(45) The argument for the infinite logical content of a theory t can be put thus. Suppose an infinite list of statements that are pair-wise contradictory and which individually do not entail t: Then the statement "t or a or both" follows from t. The same holds for each and every one of the statements in the infinite list. Since the statements in the list are pair-wise contradictory one can infer that none of the statements "t or a or both", "t or b or both" etc., is interderivable. Thus the logical content of t must be infinite.
(46) This in itself is not so important, but when combined with the idea of information content, the two notions produce some very interesting ramifications. In the Logic of Scientific Discovery (Popper 1980), Popper put forward the idea that a statement says more the more it forbids. Carnap, accepting Popper's suggestion, defined the assertive power of a sentence as the class of possible cases it excludes (Carnap 1942, p. 151). Later Popper reformulated the intuitive idea in terms of theories, of both high and low universality (Popper 1974, see esp. note 15). The information content is the class of all those statements that are logically incompatible with the given theory. Thus since Einstein's theory contradicts Newton's theory, Einstein' theory is part of the information content of Newton's theory. Newton could hardly have known this, and so it could not have been part of his psychology.
(47) Most philosophers resist this analysis because of their adherence to psychologism and conceptual analysis. But Popper's analysis reveals that much of interest is to be discovered in the analysis of theories as such, considered as objective entities, and their logical relationships with one another.
(48) As Popper shows, when we combine this result with the idea of logical content we obtain a parallel result, for if E is part of the information content of N then Non E is part of N's logical content. Thus both the logical and information content of theories consist of an infinite number of non-trivial consequences. As Popper says, it follows that the task of understanding a theory is infinite. Furthermore, there are an infinite number of unknown theories that form part of the information content and logical content of Newton's theory, and indeed of any empirical theory. Since the concept of knowledge is often quite restrictively defined, it might be better to speak in more general terms of "representations", and say more generally that Newton's mind obviously did not have a representation of Einstein's theory or its negation, let alone most of the other theories that are part of its information or logical content.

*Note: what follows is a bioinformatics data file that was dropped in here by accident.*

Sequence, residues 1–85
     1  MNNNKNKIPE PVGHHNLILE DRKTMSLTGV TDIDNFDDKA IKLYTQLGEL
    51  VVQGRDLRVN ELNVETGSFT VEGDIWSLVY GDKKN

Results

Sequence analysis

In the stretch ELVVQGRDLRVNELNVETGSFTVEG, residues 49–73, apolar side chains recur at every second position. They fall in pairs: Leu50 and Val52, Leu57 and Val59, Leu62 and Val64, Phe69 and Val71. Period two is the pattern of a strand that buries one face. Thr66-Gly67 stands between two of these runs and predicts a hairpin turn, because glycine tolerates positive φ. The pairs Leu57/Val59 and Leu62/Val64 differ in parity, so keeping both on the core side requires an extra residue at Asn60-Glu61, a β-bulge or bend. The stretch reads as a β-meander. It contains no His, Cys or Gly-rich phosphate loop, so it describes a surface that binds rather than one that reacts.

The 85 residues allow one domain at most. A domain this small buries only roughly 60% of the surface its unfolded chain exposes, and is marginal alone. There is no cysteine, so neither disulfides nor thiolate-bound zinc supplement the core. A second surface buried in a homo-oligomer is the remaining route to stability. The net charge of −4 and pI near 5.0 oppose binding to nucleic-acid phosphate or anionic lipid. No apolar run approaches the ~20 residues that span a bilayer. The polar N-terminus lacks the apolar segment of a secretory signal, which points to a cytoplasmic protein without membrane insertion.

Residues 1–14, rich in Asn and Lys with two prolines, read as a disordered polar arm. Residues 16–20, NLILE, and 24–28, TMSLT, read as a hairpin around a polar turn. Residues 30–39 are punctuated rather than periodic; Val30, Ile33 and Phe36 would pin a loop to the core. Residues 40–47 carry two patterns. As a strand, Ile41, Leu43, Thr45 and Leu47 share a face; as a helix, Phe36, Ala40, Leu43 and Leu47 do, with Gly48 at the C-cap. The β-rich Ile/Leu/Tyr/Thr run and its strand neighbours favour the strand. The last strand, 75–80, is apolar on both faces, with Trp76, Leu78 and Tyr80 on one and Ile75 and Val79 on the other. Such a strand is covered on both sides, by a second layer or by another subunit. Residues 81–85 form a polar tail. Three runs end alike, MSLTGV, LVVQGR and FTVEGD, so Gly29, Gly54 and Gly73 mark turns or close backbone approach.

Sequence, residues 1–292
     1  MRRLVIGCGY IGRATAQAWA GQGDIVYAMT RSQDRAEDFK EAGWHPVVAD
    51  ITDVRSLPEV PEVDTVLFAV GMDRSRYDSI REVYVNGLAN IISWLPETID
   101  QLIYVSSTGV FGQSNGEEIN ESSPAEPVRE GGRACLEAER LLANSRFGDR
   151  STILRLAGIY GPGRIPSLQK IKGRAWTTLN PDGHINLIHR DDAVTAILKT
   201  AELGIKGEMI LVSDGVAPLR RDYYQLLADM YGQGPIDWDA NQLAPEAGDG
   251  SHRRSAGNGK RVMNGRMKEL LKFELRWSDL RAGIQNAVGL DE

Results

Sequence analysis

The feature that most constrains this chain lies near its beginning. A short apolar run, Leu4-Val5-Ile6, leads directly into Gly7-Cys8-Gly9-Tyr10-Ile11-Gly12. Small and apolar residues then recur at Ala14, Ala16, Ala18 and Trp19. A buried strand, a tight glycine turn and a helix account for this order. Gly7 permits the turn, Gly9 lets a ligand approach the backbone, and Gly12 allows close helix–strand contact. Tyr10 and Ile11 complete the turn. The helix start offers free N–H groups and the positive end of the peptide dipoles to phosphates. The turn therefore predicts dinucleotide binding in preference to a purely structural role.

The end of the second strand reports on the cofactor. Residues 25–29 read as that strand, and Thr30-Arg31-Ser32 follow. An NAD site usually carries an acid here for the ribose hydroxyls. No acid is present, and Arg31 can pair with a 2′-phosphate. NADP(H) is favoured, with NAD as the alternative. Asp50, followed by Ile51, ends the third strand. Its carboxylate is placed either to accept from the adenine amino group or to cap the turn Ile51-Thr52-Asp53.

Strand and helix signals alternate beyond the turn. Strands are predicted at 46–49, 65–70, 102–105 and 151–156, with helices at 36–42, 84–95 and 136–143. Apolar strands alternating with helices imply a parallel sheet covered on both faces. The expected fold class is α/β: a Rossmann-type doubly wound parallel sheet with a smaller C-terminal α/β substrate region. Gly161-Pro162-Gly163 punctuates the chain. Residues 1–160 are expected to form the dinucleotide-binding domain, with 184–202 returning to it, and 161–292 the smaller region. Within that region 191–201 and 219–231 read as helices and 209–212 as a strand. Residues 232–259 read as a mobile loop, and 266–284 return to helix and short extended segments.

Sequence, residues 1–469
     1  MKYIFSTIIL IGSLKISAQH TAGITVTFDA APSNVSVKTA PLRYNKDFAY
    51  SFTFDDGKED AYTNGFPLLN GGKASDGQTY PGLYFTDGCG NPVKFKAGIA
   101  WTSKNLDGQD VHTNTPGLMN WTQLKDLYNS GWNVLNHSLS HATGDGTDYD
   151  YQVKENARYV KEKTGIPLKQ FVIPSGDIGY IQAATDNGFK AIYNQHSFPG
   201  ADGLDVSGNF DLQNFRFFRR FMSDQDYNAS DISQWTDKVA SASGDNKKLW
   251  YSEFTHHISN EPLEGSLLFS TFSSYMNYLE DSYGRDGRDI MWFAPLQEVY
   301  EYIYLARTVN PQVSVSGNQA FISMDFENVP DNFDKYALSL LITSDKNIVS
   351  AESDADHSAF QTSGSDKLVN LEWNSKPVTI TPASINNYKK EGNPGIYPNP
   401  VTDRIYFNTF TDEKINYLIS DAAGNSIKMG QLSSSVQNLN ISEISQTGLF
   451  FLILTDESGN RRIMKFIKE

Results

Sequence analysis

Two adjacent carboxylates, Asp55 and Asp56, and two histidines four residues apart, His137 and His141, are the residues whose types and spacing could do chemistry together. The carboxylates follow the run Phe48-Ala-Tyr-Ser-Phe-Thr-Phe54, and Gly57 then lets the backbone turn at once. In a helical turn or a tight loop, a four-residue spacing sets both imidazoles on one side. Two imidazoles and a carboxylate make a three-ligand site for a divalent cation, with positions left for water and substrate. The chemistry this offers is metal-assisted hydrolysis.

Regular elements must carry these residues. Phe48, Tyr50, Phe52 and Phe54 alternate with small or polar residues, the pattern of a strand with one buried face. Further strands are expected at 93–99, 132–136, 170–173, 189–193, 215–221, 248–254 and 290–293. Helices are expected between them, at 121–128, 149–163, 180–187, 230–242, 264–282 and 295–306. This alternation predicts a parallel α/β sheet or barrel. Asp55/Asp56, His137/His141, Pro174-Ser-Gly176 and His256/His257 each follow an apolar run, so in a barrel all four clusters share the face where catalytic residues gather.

(49) Of course, one can also mention the work of Gödel in this connection as pointing to the unfathomable content of our theories, and therefore of our inventions and resources. It can be shown that the complete system of all true propositions in the arithmetic of numbers is not axiomatizable and is undecidable. This means that there will always be an infinite number of unsolved problems in arithmetic. I wanted to focus on the ideas of logical and information content because these are rarely discussed or applied to new interesting areas. The exception has been the late Professor Bartley, who has applied these ideas in a fascinating way to art criticism and the Marxian idea of alienation (Bartley III 1990).
The Critical Rationalist Vol. 01 No. 02 ISSN: 1393-3809 26-Nov-1996
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TCR Issue Timestamp: Tue Nov 26 17:14:18 GMT 1996